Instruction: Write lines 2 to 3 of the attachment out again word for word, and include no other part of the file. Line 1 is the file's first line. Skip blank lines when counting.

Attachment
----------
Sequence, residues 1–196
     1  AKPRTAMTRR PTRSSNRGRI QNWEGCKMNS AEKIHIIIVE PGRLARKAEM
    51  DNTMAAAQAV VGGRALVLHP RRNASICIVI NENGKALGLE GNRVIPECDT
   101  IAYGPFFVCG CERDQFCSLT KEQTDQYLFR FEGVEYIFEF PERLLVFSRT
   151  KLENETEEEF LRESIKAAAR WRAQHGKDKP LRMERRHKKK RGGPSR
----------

     1  AKPRTAMTRR PTRSSNRGRI QNWEGCKMNS AEKIHIIIVE PGRLARKAEM
    51  DNTMAAAQAV VGGRALVLHP RRNASICIVI NENGKALGLE GNRVIPECDT